Tuesday, March 07, 2017

The Stefan George Circle

Recent discussions of the concept of the Deep State have evoked curiosity about forerunners. One such precursor, or so its would seem, was the Stefan George Circle, an elite secret society that formed around the German poet. Their aim was a conservative reshaping of the country based on the concept of Geheimes Deutschland or Secret Germany. It has been regarded as either a forerunner of Nazism or a conservative bulwark against it. (George himself resettled in Switzerland so as to avoid any contact with Hitler's emergent regime.). 
The members of the seemingly homophile fellowship were attracted by the aesthetic experience of discovering George's poetry, together with their veneration of his life and work. The ritual meetings were held by a conclave of the elect: in the first reunion after World War I, at Pentecost 1919, George assembled twelve disciples in Heidelberg, where the future historian Ernst Kantorowicz was solemnly inducted as a member of the community.
Stefan George aimed at creating a mystical, anti-modernist society, distinguished by its aesthetic superiority and within the framework of clear hierarchies. He fostered the cult of an idealistic Secret Germany (Geheimes Deutschland), a vision of an inner entity or mystical core as outlined by the cultural philosophers Paul de Lagarde and Julius Langbehn. Geheimes Deutschland was also the title of a poem published in George's late work Das Neue Reich ("The New Empire") in 1928, in which he proclaimed a new form of an intellectual and spiritual aristocracy, to some extent indebted to Friedrich Schiller's essay "On the Aesthetic Education of Man."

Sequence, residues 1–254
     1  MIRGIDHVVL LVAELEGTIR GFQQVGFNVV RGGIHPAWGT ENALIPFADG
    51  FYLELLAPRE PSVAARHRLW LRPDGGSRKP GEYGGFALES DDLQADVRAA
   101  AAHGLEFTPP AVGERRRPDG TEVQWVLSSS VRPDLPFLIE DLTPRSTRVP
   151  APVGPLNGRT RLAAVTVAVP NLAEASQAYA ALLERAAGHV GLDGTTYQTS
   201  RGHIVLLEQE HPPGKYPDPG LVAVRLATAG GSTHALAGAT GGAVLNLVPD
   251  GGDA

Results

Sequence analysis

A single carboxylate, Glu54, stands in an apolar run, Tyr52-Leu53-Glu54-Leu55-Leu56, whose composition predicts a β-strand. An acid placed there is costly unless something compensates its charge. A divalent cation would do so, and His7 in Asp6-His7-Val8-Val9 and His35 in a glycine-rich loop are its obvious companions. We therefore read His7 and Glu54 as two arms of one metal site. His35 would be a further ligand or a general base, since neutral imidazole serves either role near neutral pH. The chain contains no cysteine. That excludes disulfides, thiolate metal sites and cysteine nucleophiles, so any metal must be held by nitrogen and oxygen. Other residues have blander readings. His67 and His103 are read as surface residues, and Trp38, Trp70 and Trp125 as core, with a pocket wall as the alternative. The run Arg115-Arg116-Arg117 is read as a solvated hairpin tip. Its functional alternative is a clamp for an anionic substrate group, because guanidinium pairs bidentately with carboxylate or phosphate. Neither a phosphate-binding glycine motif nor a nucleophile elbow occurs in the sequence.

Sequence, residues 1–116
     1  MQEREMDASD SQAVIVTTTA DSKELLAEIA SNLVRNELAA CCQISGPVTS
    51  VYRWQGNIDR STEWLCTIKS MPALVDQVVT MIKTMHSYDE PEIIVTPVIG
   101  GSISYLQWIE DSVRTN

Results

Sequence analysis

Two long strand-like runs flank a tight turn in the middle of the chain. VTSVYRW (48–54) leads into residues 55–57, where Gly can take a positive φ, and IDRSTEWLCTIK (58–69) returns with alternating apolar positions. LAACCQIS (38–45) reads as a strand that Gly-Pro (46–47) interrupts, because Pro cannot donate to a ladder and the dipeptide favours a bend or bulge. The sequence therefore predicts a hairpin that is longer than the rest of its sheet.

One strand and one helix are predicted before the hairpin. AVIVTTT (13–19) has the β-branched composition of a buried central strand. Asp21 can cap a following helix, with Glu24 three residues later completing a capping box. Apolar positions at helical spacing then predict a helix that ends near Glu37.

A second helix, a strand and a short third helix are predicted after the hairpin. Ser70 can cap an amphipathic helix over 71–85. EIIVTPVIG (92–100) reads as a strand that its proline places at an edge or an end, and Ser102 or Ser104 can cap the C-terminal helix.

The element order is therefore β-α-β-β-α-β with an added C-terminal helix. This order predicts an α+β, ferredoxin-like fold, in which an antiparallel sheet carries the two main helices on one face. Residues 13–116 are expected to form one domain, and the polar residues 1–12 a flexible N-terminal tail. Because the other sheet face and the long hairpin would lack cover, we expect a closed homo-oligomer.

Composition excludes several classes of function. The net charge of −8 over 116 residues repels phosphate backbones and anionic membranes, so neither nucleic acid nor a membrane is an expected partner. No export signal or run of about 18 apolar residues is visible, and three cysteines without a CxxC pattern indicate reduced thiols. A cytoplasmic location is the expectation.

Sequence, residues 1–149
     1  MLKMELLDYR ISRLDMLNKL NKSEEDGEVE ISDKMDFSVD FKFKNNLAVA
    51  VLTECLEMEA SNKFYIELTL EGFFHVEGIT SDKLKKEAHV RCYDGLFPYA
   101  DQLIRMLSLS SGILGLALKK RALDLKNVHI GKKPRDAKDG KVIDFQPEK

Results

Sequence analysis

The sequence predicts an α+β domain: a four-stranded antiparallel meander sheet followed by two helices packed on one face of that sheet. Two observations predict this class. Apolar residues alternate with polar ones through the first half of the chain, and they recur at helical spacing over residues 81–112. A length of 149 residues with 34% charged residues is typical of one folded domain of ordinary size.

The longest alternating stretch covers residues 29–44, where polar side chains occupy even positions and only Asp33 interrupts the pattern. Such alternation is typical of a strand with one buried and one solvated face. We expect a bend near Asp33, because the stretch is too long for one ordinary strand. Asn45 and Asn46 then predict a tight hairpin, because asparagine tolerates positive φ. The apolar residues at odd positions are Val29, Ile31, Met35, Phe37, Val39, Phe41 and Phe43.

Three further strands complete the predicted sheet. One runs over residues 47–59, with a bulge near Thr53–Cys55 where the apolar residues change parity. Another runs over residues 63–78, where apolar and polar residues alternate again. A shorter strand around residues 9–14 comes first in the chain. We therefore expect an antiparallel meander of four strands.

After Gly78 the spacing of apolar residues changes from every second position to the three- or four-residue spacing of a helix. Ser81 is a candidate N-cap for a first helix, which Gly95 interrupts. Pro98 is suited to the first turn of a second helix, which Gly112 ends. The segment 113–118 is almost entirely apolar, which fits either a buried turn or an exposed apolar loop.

The transfiguration of a "German mind" below the surface of the actually-existing, profane German nation state has later been described as a model for the conservative German resistance to Nazism, culminating in the July 20 plot against Hitler's life. Indeed Alexander and Berthold von Stauffenberg had become acquainted with the Circle in 1923, shortly afterwards also their brother Claus who became a great admirer of George's work. According to some sources, at his execution the leader spoke his last words, "Es lebe das Geheime Deutschland!" ("Long live Secret Germany!").

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Monday, March 06, 2017

LGBT leaders

The current miniseries on ABC, When We Rise, is based on the work of the San Francisco activist Cleve Jones.  The following are some more general ideas that the series stimulated.

To the best of my knowledge, I never met Jones, so that the following composite character sketch is based on other LGBT leaders I have known. First, they were by and large "unemployable," conducting free-floating lives as best they could. A few like Legg and Hay had partners to support them; many did not. This indifference to worldly success was complemented by a fierce (and understandable) wish to have their contributions recognized when the time came. (Rare were individuals like Arthur Warner who eschewed any limelight; the success of the cause being all that mattered.). 

Then there was lifestyle asceticism. Kameny was famous for subsisting on Chef Boyardee, consumed straight from the can without heating. Morris Kight would wear a tattered old suit until it fell off him. 

They were also inclined to factionalism. The first case I encountered was Don Slater's notorious heist of ONE in 1965. Later I learned that this sort of thing was common even in the early days of the German movement. 

Our leaders were quick to take offense, and little given to acknowledging any earlier sources. I narrowly escaped assault when I suggested to Harry Hay that he and his friends had purloined the term "homophile" from European usage (it was first introduced In German in 1925).